thereon, the TPO further held that an interest @ 15% per annum
should be charged on the realization of receivables which were
outstanding beyond 60 days. Thus, he worked out the total TP
adjustment on account of imputed interest to be charged on non-
realization of exports proceeds at INR 5.86 crore.
Aggrieved with the actions of TPO, the taxpayer filed its objections
before the Dispute Resolution Panel [“DRP”] wherein the DRP rejected
the same and upheld the TP adjustments made by the TPO.
Aggrieved with actions of DRP/ TPO, the taxpayer filed an appeal before
the Income Tax Appellate Tribunal [“ITAT”].
International Transactions TPO’s actions ITAT’s ruling
Foreign Exchange Fluctuation
Treated as operating in nature.
ITAT held that when foreign
exchange gain directly results
from the consideration
received for rendering services
to AE, it should be considered
as an operating item.
Considered as operating in
ITAT observed that there has
been no bifurcation of such
expenses between “Bank
Interest” and “Bank Charges” in
case of the taxpayer.
Accordingly the ITAT directed
TPO to consider the same as
Provision For Doubtful
The TPO considered the same
as operating case of taxpayer
and non operating in case of
ITAT noted that taxpayer had
not created any excess
provision for ‘doubtful debts’.
It held that both provisions for
doubtful debts as well as
doubtful advances are in realm
of the operations of the
business. Thus, ITAT ruled in
favour of taxpayer and directed
TPO to treat Provision for
debts/advances as operating.
The ITAT also held to the same
to consider as operating in case
of comparables as well in to
B. Selection/ Rejection of Comparable Companies:
The taxpayer objected to inclusion of five companies and exclusion of
six companies selected by it in the list of comparables. ITAT analysed
the functional profile of these companies and ruled the following
Companies that were included by TPO:
Companies that were excluded by TPO:
Companies ITAT’s ruling
Accentia Technologies LTD.
Rejected – On account of extra-
ordinary financial event (i.e. Merger
with Asscent Infoserve Pvt. Ltd.)
TCS E-SERVE INTERNATIONAL LTD.
Rejected - ITAT emphasized on the
distinction between a company
providing software development
services and non-development
ITAT observed that the taxpayer
being a non -development software
services company cannot be
compared with this company as it is
a software development services.
TCS e-SERVE LTD.
Accepted- Functionally similar to the
profile of the taxpayer.
I-GATE GLOBAL SOLUTIONS
Rejected – On account of extra-
ordinary financial event
Rejected – On account of extra-
ordinary financial event (Acquisition
of another company)
Companies ITAT’s ruling
R. SYSTEMS INTERNATIONAL LTD.
JINDAL INTELICOM PVT. LTD; and
CALIBER POINT BUSINESS
Rejected - Different financial year
CG-VAK SOFTWARE & EXPORTS
Accepted - The company was
rejected by TPO due to its
turnover in its ITeS segment.
The ITAT observed that quantum
of turnover can be no reason for
exclusion of a company.
MICRO GENETICS SYSTEMS LTD.
Accepted - Following the
reasoning given for inclusion of
CG-VAK Software & Exports Ltd.,
the TPO was directed to consider
the same as comparable company.
AXIS IT & LTD.
Accepted - The company was
excluded by TPO as it failed the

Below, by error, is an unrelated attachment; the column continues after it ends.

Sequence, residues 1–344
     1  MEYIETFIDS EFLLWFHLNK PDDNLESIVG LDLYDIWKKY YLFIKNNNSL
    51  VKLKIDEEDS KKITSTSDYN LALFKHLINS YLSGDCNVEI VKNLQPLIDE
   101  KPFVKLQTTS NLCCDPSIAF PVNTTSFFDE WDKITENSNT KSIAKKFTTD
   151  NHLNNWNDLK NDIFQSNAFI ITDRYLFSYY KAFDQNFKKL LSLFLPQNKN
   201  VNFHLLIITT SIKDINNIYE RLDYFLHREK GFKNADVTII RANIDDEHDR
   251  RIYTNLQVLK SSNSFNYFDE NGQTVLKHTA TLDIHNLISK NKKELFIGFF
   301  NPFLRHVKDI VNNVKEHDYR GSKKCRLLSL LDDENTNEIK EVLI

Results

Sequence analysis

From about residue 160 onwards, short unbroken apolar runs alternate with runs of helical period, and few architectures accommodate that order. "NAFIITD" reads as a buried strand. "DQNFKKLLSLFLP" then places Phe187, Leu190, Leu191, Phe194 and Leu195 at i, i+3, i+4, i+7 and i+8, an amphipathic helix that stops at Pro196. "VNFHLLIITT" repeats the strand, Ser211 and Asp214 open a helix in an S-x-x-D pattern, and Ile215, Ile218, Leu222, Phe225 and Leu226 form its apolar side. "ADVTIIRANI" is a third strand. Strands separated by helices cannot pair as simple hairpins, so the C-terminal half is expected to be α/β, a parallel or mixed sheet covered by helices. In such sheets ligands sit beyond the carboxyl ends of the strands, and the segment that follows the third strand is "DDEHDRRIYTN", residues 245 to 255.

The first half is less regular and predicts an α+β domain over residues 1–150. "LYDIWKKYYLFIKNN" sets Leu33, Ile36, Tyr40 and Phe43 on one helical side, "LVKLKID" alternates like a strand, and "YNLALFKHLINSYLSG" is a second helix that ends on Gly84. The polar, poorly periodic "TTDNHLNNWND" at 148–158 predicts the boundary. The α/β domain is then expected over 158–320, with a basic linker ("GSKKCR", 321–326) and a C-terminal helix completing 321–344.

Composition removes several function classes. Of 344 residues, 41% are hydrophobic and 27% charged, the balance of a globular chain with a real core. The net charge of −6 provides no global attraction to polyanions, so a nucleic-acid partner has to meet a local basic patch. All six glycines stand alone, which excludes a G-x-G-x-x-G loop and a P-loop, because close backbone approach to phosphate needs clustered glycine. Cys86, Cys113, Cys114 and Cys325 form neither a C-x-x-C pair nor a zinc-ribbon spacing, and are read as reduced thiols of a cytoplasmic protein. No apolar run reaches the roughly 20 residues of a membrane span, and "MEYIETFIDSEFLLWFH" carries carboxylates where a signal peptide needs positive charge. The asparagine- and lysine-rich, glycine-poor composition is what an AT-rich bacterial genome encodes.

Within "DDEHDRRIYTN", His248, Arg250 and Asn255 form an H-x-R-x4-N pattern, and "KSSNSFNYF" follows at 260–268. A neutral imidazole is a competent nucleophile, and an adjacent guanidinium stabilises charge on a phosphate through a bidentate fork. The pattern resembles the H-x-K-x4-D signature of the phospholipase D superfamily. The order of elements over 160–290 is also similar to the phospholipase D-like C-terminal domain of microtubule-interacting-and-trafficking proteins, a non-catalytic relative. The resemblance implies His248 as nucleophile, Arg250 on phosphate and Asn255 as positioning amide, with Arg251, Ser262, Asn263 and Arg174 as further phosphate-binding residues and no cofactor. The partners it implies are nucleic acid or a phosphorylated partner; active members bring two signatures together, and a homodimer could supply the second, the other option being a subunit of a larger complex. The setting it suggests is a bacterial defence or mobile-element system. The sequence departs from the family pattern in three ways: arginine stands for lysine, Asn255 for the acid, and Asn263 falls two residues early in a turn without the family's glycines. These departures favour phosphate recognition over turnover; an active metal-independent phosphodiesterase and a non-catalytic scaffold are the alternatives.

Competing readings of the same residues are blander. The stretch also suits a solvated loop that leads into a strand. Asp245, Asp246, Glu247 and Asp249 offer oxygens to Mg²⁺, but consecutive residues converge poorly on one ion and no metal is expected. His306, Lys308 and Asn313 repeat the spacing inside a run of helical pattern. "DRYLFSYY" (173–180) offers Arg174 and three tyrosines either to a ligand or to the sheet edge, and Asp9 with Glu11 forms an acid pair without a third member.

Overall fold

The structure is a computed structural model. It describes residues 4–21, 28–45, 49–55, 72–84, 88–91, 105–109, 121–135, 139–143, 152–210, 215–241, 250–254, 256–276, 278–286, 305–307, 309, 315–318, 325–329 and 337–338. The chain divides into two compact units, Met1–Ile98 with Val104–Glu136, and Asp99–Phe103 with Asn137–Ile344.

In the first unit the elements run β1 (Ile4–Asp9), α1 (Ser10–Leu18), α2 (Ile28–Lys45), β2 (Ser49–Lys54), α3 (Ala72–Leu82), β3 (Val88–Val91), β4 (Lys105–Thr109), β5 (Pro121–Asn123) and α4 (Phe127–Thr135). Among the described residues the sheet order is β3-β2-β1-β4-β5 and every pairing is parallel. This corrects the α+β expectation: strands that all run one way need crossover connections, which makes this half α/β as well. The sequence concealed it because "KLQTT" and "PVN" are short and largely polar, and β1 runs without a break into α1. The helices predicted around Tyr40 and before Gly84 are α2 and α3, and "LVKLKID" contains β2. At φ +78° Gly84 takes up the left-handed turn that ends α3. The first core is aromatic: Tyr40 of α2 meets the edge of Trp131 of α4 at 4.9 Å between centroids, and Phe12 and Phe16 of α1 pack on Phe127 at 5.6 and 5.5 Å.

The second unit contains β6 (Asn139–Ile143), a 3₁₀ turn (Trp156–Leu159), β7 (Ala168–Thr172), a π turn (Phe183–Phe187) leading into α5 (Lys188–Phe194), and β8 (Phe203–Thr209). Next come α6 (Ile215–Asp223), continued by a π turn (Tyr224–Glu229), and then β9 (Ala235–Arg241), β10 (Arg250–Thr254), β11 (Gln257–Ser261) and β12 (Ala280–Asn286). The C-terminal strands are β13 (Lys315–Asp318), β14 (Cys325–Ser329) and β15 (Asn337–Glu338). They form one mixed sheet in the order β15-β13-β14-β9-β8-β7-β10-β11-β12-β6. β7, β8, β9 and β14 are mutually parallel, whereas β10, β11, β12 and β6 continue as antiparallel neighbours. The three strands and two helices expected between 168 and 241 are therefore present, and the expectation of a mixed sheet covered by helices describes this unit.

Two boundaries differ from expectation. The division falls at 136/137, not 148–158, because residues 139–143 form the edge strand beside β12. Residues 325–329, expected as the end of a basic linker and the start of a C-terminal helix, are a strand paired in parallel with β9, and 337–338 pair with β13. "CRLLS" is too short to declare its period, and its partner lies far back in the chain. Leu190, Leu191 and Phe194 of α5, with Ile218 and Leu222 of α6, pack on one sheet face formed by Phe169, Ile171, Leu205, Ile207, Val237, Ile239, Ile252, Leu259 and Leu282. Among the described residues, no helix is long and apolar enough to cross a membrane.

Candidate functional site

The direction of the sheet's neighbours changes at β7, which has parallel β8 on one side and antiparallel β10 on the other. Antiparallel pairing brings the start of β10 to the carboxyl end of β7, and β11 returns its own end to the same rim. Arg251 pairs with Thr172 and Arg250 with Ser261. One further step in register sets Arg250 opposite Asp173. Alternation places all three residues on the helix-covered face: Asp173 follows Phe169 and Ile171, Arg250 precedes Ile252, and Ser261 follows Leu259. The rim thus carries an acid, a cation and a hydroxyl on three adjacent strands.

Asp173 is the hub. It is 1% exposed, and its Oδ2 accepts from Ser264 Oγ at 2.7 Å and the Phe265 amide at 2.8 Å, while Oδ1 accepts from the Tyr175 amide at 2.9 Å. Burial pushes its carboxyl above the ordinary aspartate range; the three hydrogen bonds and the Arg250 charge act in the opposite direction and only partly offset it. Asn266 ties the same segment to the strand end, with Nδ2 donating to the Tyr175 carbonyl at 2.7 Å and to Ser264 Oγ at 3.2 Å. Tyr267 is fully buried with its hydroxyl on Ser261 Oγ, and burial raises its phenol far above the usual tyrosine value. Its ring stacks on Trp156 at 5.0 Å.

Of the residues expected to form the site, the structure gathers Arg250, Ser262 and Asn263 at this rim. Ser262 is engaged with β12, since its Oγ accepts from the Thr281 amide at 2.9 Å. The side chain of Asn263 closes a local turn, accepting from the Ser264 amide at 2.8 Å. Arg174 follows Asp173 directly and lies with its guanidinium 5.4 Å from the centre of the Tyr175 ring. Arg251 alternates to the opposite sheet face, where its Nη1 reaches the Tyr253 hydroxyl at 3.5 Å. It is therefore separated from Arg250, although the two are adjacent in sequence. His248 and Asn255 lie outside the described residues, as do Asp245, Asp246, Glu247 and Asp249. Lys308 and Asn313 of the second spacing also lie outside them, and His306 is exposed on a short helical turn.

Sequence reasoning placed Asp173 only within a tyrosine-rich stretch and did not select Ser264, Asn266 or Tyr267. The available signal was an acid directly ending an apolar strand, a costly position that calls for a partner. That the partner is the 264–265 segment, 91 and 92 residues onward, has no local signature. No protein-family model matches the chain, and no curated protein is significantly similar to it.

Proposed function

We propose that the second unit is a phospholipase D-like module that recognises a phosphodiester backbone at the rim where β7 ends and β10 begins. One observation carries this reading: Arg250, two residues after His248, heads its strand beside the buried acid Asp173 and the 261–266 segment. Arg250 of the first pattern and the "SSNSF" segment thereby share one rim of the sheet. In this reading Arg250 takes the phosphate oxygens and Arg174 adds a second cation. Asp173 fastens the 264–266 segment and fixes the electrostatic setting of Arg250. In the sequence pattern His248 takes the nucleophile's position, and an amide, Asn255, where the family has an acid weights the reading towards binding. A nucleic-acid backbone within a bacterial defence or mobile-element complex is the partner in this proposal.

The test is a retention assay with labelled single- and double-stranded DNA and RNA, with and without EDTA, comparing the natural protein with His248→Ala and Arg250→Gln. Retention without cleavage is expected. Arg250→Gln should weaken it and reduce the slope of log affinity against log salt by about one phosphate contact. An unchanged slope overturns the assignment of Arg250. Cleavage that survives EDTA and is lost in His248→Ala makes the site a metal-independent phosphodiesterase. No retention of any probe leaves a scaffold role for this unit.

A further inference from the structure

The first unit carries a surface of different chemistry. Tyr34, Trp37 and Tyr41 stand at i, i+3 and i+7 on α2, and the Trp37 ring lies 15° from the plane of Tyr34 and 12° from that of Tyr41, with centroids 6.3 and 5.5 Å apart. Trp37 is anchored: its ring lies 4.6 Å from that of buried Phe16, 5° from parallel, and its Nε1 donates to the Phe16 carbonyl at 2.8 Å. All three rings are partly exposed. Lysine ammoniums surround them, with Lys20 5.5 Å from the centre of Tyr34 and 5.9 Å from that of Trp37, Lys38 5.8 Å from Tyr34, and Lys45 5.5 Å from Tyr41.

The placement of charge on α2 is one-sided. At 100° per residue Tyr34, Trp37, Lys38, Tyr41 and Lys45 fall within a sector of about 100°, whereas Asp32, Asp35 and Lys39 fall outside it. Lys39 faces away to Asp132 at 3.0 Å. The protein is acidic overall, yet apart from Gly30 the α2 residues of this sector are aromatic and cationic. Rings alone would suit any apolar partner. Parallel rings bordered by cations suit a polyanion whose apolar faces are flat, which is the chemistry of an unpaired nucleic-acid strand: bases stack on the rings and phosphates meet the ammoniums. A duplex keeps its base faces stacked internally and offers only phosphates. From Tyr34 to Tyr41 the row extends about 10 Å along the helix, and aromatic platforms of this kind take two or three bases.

export turnover filter. The ITAT
remitted the matter back to TPO
for examining the functional
similarity of the company.
C. Computation of the arm’s length price [“ALP”] of international
transaction of ‘debt arising during the course of business’-
Section 92B of Income-tax Act, 1961 [“the Act”]
In this regard, the ITAT referred to Sec 92B of the Act inserted with
retro effect from April 1, 2002 which gives meaning to the expression
that “any debt arising during the course of business” has also been
expressly recognized as an international transaction.
Further, the ITAT held that non-charging or under-charging of
interest on the realization of debt beyond the expiry of credit period
amounts to an international transaction and the ALP of such
transaction is required to be determined.
The ITAT stated that computation of ALP of the “debt arising during
the course of business” involves two ingredients viz. the amount on
which the interest should be charged; and the arm’s length rate at
which the interest should be charged. Discussing about the first
ingredient, the ITAT noted that TPO had erred in making adjustment
for a period in excess of 60 days as the taxpayer has allowed a credit
period of 150 days to its AEs and the effect of imputed interest on
non-realization of invoices up to 150 days was already factored in the
price charged for the services rendered by the taxpayer.
Accordingly, the interest should have been charged for the period in
excess of 150 days.
Regarding the determination of rate of interest to be considered in
this regard, the ITAT relied on the findings in case of Cotton Naturals
and noted that the same is required to be
determined on the basis of the currency in which the loan is to be
repaid. The ITAT thus, remitted the matter to TPO for fresh
determination of addition to be made in the instant case.
ITA No. 233/ 2104 (Delhi High Court)
At the outset, it is pertinent to highlight that the ITAT did not give
any weightage to the Safe Harbour Rules, 2013 in respect of deciding
the nature of certain items of income/ expenses to be considered as
operating or non-operating in the present case.
Further the contentions of the taxpayer for considering the imputed
interest cost in the price charged towards provision of services have
also been given a due consideration by the ITAT. Further, there has